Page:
If you have made any configuration changes since last saving a configuration to the SC, before you attempt to power off or power cycle a Logical Domains system, make sure that you save the latest configuration that you want to keep.
Shut down and unbind all the non-I/O domains.
Shut down and unbind any active I/O domains.
Because no other domains are bound, the firmware automatically powers off the system.
Shut down and unbind all the non-I/O domains.
Shut down and unbind any active I/O domains.
Because no other domains are bound, the firmware automatically power cycles the system before rebooting it. When the system restarts, it boots into the Logical Domains configuration last saved or explicitly set.
Under certain circumstances, the Logical Domains Manager rounds up the requested memory allocation to either the next largest 8-Kbyte or 4-Mbyte multiple. This can be seen in the following example output of the ldm list-domain -l command, where the constraint value is smaller than the actual allocated size:
Memory: Constraints: 1965 M raddr paddr5 size 0x1000000 0x291000000 1968M
Variable updates persist across a reboot, but not across a powercycle, unless the variable updates are either initiated from OpenBoot firmware on the control domain or followed by saving the configuration to the SC.
In this context, it is important to note that a reboot of the control domain could initiate a powercycle of the system:
When the control domain reboots, if there are no bound guest domains, and no delayed reconfiguration in progress, the SC powercycles the system.
When the control domain reboots, if there are guest domains bound or active (or the control domain is in the middle of a delayed reconfiguration), the SC does not powercycle the system.
LDom variables for a domain can be specified using any of the following methods:
At the OpenBoot prompt
Using the Solaris OS eeprom(1M) command
Using the Logical Domains Manager CLI (
Modifying, in a limited fashion, from the system controller (SC) using the bootmode command, that is, only certain variables, and only when in the factory-default configuration
The goal is that, variable updates that are made by using any of these methods always persist across reboots of the domain. The variable updates also always reflect in any subsequent logical domain configurations that were saved to the SC.
In LDoms 1.3 software, there are a few cases where variable updates do not persist as expected:
All methods of updating a variable persist across reboots of that domain. However, they do not persist across a powercycle of the system, unless a subsequent logical domain configuration is saved to the SC. The methods of updating a variable include by OpenBoot firmware and by the eeprom and ldm commands. In addition, in the control domain, updates made using OpenBoot firmware persist across a powercycle of the system, that is, even without subsequently saving a new logical domain configuration to the SC.
In all cases, when reverting to the factory-default configuration from a configuration generated by the Logical Domains Manager, all LDoms variables start with their default values.
If you are concerned about Logical Domains variable changes, do one of the following:
Bring the system to the ok prompt and update the variables.
Update the variables while the Logical Domains Manager is disabled:
# svcadm disable ldmd update variables # svcadm enable ldmd
When running Live Upgrade, perform the following steps:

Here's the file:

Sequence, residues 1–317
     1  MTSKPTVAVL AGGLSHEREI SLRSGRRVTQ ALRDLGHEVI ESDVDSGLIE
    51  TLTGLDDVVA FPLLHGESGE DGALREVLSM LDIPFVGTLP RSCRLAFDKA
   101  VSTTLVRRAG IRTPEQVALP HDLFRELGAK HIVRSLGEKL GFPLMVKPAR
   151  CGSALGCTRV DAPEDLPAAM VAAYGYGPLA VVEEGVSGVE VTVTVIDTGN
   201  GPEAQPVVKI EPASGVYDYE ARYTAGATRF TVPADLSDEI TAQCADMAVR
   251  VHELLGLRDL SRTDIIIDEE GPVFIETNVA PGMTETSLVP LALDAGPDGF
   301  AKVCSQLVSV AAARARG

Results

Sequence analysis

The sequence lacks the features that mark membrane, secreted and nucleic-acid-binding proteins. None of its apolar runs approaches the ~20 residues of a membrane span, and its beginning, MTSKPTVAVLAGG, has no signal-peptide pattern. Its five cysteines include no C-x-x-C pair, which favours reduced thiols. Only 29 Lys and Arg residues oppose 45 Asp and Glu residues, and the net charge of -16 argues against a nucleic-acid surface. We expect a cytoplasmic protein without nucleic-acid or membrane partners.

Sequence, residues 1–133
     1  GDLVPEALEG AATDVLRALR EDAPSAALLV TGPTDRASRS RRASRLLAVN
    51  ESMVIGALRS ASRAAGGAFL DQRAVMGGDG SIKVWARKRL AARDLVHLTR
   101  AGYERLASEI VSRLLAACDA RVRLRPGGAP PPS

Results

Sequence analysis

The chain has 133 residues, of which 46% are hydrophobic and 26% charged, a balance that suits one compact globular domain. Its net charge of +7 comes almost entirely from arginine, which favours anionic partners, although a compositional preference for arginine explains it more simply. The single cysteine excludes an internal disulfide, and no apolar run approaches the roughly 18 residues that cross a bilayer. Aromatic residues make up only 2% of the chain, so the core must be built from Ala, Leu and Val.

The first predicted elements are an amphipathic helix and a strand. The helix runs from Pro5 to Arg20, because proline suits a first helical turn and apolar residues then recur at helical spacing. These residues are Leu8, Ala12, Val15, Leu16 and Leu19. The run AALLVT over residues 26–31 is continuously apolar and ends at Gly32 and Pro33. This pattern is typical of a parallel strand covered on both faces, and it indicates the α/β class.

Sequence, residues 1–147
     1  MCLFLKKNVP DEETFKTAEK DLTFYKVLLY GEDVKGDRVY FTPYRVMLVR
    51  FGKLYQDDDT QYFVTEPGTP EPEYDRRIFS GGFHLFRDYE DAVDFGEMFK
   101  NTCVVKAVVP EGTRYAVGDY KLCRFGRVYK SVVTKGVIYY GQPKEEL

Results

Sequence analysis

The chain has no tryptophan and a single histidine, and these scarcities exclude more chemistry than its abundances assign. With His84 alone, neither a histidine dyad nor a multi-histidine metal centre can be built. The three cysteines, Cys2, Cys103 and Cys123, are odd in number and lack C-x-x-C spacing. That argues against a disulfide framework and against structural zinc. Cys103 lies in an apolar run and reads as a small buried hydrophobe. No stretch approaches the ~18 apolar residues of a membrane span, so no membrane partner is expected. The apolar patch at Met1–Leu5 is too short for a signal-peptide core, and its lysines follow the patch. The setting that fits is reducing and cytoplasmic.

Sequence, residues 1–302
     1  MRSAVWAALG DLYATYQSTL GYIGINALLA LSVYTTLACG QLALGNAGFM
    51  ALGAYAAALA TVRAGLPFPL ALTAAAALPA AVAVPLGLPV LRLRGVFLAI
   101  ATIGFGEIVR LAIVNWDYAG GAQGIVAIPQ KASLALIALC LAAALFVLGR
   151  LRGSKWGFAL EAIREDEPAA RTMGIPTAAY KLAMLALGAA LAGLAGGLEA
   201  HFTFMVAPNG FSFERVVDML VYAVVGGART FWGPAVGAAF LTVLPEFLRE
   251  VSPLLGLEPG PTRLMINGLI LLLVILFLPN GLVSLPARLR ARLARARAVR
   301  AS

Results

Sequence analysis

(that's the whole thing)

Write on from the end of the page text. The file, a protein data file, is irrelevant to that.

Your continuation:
# svcadm disable -t ldmd # luactivate be3 # init 6
The following Bug IDs have been filed to resolve these issues: 6520041, 6540368, 6540937, and 6590259.
Sun Simple Management Network Protocol (SNMP) Management Agent does not support multiple domains. Only a single global domain is supported.
Using CPU dynamic reconfiguration (DR) to power down virtual CPUs does not work with processor sets, resource pools, or the zone's dedicated CPU feature.
When using CPU power management in elastic mode, the Solaris OS guest sees only the CPUs that are allocated to the domains that are powered on. That means that output from the psrinfo(1M) command dynamically changes depending on the number of CPUs currently power-managed. This causes an issue with processor sets and pools, which require actual CPU IDs to be static to allow allocation to their sets. This can also impact the zone's dedicated CPU feature.
Workaround: Set the performance mode for the power management policy.
There are several issues associated with FMA and power-managing CPUs. If a CPU faults when running in elastic mode, switch to performance mode until the faulted CPU recovers. If all faulted CPUs recover, then elastic mode can be used again.
For more information about faulted resources, see the OpenSolaris Fault Management web page.
When a primary domain is in a delayed reconfiguration state, CPUs are power managed only after the primary domain reboots. This means that CPU power management will not bring additional CPUs online when the domain is experiencing high-load usage until the primary domain reboots, clearing the delayed reconfiguration state.
Domain migrations are not supported for a source or target machine in elastic mode. If a migration is underway while in performance mode and the power management policy is set to elastic mode, the policy switch is deferred until the migration completes. The migration command returns an error if either the source or target machine is in elastic mode and a domain migration is attempted.
The Solaris 10 10/09 OS introduces the capability to dynamically add and remove cryptographic units from a domain, which is called cryptographic unit dynamic reconfiguration (DR). The Logical Domains Manager automatically detects whether a domain allows cryptographic unit DR, and enables the functionality only for those domains. In addition, CPU DR is no longer disabled in domains that have cryptographic units bound and are running an appropriate version of the Solaris OS.
However, the restriction against enabling power management (PM) elastic mode still applies if there are any domains with cryptographic units bound. This restriction is enforced by the Logical Domains Manager. So, any attempt to change power management's policy to elastic from the SP when there are cryptographic units bound to any domain would be ineffective and is therefore not recommended.